There's an obvious difference between Jordan and LeBron: One of them is 6-8 and goes a hard 250. Unlike Jordan, LeBron has never needed to swell up suddenly. He's built to absorb and deal with the punishment he's now getting, almost nightly.

And anyway, according to Bulls coach Tom Thibodeau, when push came to a shove in Game 3, LeBron flopped. So there's that, the perception that LeBron and his teammates are "Hollywood," to use a Joakim Noah accusation, and crumble to the court quite easily and suspiciously.

That got a laugh from the Heat locker room.

"I don't spend a lot of time thinking about what Tom is saying," said Heat coach Erik Spoelstra. "We've seen everything. None of this is new to us. Nobody can hide from the fact that the game will be decided between those four lines. And our guys understand that. Our guys are here to win a basketball game and a series."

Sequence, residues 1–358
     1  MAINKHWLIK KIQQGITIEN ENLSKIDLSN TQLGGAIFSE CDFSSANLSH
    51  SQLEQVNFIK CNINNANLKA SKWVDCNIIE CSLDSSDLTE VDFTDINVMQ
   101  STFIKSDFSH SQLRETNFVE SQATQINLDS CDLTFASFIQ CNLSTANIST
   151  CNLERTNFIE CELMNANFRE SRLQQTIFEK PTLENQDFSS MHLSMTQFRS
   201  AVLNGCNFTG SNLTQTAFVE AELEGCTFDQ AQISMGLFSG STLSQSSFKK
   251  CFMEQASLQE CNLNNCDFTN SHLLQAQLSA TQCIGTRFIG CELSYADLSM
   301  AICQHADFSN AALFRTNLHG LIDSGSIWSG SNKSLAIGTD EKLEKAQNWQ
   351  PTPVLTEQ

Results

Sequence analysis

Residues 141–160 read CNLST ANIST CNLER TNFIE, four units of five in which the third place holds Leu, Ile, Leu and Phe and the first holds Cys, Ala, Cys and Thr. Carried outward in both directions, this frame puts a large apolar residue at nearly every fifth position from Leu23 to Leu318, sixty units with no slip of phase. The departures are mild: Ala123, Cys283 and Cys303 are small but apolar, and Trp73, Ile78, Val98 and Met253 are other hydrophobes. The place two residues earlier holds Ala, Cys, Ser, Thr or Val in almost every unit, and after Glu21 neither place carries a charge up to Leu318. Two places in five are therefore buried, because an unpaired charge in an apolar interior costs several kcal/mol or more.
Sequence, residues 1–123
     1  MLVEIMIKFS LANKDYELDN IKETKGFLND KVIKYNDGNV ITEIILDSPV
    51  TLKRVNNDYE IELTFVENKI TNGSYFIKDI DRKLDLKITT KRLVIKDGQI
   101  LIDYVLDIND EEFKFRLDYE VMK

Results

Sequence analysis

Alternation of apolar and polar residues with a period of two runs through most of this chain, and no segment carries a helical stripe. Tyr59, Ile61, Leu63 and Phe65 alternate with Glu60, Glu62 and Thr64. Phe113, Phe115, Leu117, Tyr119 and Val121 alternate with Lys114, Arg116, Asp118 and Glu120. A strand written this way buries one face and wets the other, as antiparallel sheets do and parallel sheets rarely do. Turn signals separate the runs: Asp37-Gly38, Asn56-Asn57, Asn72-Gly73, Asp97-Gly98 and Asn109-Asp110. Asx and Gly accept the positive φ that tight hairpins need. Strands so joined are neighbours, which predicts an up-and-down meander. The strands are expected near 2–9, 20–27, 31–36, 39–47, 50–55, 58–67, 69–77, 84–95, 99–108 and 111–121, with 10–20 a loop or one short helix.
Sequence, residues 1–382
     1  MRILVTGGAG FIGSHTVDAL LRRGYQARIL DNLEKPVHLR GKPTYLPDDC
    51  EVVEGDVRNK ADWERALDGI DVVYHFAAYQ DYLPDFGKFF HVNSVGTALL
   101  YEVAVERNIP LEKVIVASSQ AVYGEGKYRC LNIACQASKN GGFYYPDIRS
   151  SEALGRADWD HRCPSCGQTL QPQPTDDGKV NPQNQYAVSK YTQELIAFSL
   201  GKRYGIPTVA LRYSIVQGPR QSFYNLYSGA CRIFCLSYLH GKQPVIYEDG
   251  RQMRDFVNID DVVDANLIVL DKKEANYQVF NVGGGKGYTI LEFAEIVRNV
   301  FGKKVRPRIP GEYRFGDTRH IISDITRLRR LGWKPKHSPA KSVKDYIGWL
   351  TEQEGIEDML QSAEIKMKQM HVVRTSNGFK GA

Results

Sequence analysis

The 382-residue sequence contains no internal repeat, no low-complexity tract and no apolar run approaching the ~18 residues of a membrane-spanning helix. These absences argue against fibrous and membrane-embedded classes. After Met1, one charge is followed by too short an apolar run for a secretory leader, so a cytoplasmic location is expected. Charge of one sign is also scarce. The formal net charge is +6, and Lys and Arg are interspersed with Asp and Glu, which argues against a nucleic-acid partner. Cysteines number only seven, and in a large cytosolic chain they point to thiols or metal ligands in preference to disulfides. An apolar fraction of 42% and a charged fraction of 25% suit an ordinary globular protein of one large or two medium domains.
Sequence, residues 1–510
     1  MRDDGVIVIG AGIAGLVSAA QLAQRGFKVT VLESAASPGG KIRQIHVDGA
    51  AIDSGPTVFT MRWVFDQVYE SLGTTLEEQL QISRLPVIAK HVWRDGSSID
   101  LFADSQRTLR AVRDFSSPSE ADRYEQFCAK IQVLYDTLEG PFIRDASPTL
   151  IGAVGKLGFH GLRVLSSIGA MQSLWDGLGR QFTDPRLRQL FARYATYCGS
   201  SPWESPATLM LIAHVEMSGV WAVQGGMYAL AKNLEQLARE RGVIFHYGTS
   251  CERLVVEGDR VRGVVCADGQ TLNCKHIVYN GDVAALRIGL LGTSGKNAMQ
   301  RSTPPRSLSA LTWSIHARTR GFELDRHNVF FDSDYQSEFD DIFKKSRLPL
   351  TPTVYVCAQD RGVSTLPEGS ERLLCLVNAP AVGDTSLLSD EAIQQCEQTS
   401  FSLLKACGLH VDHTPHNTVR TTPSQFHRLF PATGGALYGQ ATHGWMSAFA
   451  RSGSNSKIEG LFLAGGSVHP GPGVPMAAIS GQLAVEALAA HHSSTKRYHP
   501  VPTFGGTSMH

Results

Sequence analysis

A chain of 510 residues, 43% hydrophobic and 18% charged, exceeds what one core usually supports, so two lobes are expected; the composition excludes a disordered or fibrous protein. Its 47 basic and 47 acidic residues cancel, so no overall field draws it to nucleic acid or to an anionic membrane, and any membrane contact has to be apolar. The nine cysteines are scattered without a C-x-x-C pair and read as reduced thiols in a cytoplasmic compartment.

LeBron and the Heat had every reason to expect a tough, physical series with the Bulls. All good defensive teams push the envelope. Noah and Taj Gibson are the leaders in that regard because they're high energy players who invite contact. Under Thibodeau, the Bulls have made defense the priority. And a significantly short-handed Bulls team really has no choice. They must shrink the court, slow the pace and battle every possession. If they see LeBron, and a chance to make him wince and think twice about rumbling through the lane, they'll take it. Gladly.

It's not who they are. It's what they've become. Here in a series that's threatening to turn lopsided, a series that no longer is waiting for Derrick Rose to rush to the rescue, the Bulls are merely doing what they can to survive. Hurt and damaged and strutting with a limp, they'll keep coming at Miami, elbows and forearms leading the way. Playoff basketball. That's what the Bulls are playing.

And when they decide to target the game's greatest and most self-controlled player, someone who just won't fight back and level the playing field by getting ejected or suspended, the Bulls are also playing something else:

A losing game.

"When you're comfortable with who you are as a player," LeBron said, "nothing bothers you."